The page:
Your browser is no longer supported

For the best possible experience using our website we recommend you upgrade to a newer version or another browser.

Your browser appears to have cookies disabled. For the best experience of this website, please enable cookies in your browser

We'll assume we have your consent to use cookies, for example so you won't need to log in each time you visit our site.
Learn more

Medication dispensing tool for vulnerable adults

  • 1 Comment

A new medication dispensing tool to support the needs of vulnerable adults in the community is to be piloted by nurses in the West Midlands.

The North Staffordshire pilot forms part of a wider initiative across the West Midlands, organised by the West Midlands joint improvement partnership, which will see the technology trialled in eight different health and social care organisations.

The automatic pill dispenser – a battery operated device with a built in alarm which reminds patients when to take their medication - will be trialled by community matrons at NHS North Staffordshire from next month.

Around 20 patients will take part in the six month trial, including older people living at home or in residential care, and those with long term conditions such as Parkinson’s disease and early dementia.

The aim of the automatic pill dispenser is to improve medication adherence, and reduce unnecessary hospital admissions, by supporting people to take control of their medication needs.

Nurses at Cheadle community hospital will also train suitable patients in how to use the device to help facilitate earlier discharge from hospital.

North Staffordshire Community Healthcare associate director of operations Derek Pannent, who is co-ordinating the pilot, said the tool could be of real benefit to patients and carers and help manage long term conditions outside acute care.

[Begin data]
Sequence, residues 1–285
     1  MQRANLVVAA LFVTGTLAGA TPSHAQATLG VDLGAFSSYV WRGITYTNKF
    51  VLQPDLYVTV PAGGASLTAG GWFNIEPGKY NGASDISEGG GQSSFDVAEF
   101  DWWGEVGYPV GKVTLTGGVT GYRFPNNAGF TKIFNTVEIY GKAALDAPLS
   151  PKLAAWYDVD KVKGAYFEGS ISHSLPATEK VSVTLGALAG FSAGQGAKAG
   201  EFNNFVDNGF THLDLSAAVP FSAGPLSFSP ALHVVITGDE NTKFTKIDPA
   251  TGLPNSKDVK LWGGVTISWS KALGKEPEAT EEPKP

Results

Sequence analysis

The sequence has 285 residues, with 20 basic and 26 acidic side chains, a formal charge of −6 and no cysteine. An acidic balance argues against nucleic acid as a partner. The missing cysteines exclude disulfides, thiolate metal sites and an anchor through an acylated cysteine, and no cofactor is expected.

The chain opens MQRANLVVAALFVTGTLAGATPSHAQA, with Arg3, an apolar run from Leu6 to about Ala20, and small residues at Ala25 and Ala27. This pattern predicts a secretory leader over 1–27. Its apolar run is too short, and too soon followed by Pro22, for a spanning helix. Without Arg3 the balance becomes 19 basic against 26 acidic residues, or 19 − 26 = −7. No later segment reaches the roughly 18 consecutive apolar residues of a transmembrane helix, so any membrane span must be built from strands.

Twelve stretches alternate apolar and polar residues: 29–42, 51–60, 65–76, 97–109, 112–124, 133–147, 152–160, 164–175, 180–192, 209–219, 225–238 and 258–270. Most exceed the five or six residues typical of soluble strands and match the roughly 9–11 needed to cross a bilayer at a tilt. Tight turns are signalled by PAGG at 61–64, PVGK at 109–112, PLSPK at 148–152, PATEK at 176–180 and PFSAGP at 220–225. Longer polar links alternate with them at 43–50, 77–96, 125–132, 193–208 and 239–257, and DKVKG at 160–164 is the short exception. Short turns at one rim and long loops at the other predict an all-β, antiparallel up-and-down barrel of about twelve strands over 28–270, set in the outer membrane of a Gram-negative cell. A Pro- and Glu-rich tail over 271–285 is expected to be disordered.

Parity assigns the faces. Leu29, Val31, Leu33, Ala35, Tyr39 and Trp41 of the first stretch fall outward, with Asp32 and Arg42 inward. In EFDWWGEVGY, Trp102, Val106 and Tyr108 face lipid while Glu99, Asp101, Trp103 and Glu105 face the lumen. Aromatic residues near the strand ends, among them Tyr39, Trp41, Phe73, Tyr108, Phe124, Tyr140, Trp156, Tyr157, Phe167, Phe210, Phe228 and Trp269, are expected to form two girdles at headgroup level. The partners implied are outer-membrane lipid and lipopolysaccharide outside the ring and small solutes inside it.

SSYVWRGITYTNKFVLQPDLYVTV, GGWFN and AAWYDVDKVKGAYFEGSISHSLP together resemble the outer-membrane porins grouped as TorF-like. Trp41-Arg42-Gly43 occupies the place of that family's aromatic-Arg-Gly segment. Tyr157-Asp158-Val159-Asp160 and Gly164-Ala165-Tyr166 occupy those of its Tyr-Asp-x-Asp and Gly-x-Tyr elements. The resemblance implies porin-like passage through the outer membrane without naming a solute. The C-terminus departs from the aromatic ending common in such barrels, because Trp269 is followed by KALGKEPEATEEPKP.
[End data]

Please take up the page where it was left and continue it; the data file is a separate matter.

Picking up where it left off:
“As well as avoiding costly admissions to A&E, it could be used by ward staff to improve patient safety in the step down process from acute to community care, covering both ends of the spectrum,” he said.

  • 1 Comment

Readers' comments (1)

  • My father was given a timed/alarmed medication box when, it was claimed he had early stage dementia. Problem being it was impossible to know if he was taking his medication when due if we were not around. True he was no longer able to accidently overdose but it was impossible to check if the dose had been taken if no one was around to check within an hour or so of the alarm going off. The pharmacy did not report back to the GP if meds were still in the box and they would not tell me as they claimed it was confidential information. As a consequence my father often had a down turn in his condition due to missing medication and we had to abandon the timed box.
    The box resolved one problem but created several others and the boxes are not cheap. Two boxes are needed per patient ie one in use and one with pharmacy for filling. I believe they cost £125 or more each

    Unsuitable or offensive? Report this comment

Have your say

You must sign in to make a comment

Please remember that the submission of any material is governed by our Terms and Conditions and by submitting material you confirm your agreement to these Terms and Conditions. Links may be included in your comments but HTML is not permitted.

Related Jobs